I was real ticked off at John Grisham after "The Broker". That was one bad novel, and I thought he was just trying to cash in on his name. With "The Racketeer" I'm happy to say that the real John Grisham is still alive and kicking.
The book is not exactly a legal thriller, although there is quite a lot of legal res gestae. It's more man-against-the-system, and the outcome is very satisfying. The protagonist, Mal Bannister (aka Max Baldwin) comes off as a very real and believable character. Grisham gives him plenty of depth and charisma, and you'll soon find yourself rooting for him.
The plot has plenty of twists. As the book unfolds explanations of things previously described come out in the narrative, like pulling the strings of a package to wrap it up nice and tight. You may be able to figure out a good bit of what's really going on, but there will be enough left to keep you turning pages (so to speak).
I though J.D. Jackson did a great job. As for his pacing, the narrative made clear that he had made an attempt to change his identity, and part of that change involved speaking more deeply and more slowly.
There were a few stretches required of my imagination. Like, if some hardened criminals wind up with a whole lot of money, are they really going to turn into good guys? And, can an ex-con own a bar? You'd think that would place him in contact with other convicted felons from time to time, which sounds risky to me.
On the whole this was a very good book, and well worth your time.
It's bad news for narrator Robin Sachs because Nesbø makes clear in the first couple of pages that Harry's last name is not pronounced like the English "hole" the way Robin did it in several other Harry Hole books. What will Robin do if he's the narrator in a future Harry Hole book?
In "The Bat" the Aussies render Harry's name as "holy" which, Harry admits, is better than being called a hairy orifice. I think Thor Knai had it about right in "Nemesis" when he pronounced it "hOO-luh", at least if Google Translate's pronunciation feature is right.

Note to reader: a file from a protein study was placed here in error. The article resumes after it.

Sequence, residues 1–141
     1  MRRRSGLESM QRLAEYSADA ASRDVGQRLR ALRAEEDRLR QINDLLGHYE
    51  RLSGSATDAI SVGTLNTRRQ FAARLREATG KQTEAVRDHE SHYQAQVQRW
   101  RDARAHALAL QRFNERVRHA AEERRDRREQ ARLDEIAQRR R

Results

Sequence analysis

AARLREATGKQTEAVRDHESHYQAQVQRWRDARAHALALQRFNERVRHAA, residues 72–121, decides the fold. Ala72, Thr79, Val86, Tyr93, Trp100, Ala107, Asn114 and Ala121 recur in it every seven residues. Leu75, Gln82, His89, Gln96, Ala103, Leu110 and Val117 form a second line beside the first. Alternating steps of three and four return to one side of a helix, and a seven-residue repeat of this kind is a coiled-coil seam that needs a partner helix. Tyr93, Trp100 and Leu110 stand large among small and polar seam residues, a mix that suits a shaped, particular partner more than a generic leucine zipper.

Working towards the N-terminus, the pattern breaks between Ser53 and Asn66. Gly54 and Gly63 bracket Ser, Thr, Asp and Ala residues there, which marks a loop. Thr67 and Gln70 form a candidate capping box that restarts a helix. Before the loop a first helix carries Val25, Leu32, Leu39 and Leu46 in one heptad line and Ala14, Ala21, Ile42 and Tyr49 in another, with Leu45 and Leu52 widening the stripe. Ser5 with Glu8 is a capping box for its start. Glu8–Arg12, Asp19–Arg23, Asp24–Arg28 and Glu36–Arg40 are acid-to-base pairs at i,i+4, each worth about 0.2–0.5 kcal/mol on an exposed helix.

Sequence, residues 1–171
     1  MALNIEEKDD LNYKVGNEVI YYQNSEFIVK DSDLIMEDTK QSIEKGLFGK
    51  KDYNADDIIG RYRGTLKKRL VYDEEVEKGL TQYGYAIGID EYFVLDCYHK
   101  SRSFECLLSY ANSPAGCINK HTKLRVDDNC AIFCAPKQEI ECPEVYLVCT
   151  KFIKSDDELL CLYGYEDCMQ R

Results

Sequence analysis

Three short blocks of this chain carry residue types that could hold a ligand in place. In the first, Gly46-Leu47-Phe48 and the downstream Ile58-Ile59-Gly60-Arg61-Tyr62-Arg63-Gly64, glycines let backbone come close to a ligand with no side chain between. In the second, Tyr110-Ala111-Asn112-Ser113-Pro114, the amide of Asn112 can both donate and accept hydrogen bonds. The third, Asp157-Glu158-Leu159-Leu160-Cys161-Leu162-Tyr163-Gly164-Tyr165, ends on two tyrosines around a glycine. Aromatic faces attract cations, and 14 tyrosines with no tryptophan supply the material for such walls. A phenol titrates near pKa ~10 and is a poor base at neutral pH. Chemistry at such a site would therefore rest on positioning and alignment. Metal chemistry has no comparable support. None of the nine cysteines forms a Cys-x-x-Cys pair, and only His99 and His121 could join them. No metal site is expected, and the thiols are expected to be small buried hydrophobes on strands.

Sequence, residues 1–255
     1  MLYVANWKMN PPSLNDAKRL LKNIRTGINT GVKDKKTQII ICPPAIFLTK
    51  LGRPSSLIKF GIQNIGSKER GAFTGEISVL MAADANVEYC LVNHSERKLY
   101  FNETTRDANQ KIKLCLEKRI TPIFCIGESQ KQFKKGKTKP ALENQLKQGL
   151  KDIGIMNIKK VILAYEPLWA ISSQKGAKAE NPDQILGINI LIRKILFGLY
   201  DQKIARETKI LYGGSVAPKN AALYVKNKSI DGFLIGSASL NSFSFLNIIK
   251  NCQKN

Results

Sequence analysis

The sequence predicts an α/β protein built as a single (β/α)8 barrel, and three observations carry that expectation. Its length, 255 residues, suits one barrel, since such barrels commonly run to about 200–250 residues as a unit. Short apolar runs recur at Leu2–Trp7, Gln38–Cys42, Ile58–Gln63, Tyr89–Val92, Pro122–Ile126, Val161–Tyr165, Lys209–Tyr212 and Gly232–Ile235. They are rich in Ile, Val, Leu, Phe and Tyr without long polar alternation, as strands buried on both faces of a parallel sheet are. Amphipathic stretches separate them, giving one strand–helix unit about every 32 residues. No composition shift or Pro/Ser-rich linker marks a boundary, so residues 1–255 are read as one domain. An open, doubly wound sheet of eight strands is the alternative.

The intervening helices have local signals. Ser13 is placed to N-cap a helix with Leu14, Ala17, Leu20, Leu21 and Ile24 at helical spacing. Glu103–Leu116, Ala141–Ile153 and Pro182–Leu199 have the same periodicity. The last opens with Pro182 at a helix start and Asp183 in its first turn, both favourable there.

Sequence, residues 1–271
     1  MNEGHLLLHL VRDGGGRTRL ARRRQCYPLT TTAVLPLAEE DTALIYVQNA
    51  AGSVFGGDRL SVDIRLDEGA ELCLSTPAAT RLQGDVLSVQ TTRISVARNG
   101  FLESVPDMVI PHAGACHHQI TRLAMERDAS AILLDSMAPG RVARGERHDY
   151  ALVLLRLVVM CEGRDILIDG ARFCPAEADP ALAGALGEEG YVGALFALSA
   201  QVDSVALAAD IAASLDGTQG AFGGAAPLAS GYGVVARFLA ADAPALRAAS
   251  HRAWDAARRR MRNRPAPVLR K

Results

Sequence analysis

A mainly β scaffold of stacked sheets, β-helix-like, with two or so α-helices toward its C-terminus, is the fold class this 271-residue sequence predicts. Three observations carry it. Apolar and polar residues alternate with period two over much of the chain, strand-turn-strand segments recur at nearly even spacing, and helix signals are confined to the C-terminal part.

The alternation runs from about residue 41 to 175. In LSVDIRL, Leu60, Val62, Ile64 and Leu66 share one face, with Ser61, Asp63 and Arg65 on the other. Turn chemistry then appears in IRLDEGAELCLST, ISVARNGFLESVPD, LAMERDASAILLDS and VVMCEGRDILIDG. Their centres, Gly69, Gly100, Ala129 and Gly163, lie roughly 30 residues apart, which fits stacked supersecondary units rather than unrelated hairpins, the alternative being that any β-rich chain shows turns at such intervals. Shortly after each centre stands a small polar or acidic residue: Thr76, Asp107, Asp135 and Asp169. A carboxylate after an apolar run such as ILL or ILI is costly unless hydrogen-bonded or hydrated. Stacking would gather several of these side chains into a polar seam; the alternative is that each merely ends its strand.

Sean Barrett does a nice job, though he doesn't impart much tough-guy to Harry's character. On a scale of Hercule Poirot to Philip Marlowe, this rendition is somewhere in the middle. And Harry surely is a tough guy, wading into fights with bad Aussies in a bar. On examining his broken tooth, Harry asks the guy who broke it "Shouldn't the pulp be red?"
Narration aside, it's a great read. I'm really glad this book, the first in the Harry Hole series, got translated. You get a good bit of Harry's back story here, but none of it is necessary to enjoy the other books in the series. Each of Nesbø's Harry Hole novels pretty much stands alone, and you can read them in just about any order.
I didn't see the translator's name credited for this book, but whoever (Don Bartlett?) did it it is seamless. When I hear word-play or puns in a translated work, I always wonder how they were rendered in the original? Well, they're funny in English, so I suppose they were in Norwegian too, though maybe different.
I believe the second book in the series ("The Cockroach") has been or is being translated. Something to look forward to!
Now that I have read this, a genuine five-star book narrated by a five-star narrator, I feel bad about those five-star ratings I gave several other books in the same genre.
I love plots like this: tight, intricate, and credible. There are no dead-ends or red herrings. Everything that happens happens for a reason, and Hart unfolds the reasons with tight narration and dialog. There is a mystery here that runs deep in Adam Chase's family's past, with secret relationships and hidden motives. As the tale was spun I felt several times that I had it figured out, but I didn't, not until the end. More clever readers than I probably will see what's coming - my wife always does - but I was continually surprised and greatly entertained.
The characters are all the strong southern men and women that actually do populate large parts of North Carolina. The way they're portrayed by Hart reminded me of works about the Scots-Irish in the South, particularly Jim Webb's "Born Fighting". The characters' qualities are brought out by Hart's artistry, aided hugely by Scott Sowers' rendition. I've listened to a lot of Scott's narrations before, and this to me was his best ever. He's a Virginian himself, and he slips into North Carolina speech naturally. No drawling, just the accent and clear enunciation of the Piedmont.
This book was my fourth pick made by looking through Audible's list of Edgar winners. It's turning out that even-numbered picks were successes, odd-numbered ones not so much. My aim was to discover new mystery and suspense authors and gorge on their works. Sadly, Hart's output to-date is only four books. But what a rich feast it's turning out to be!
On a level with Scott Turow? You bet.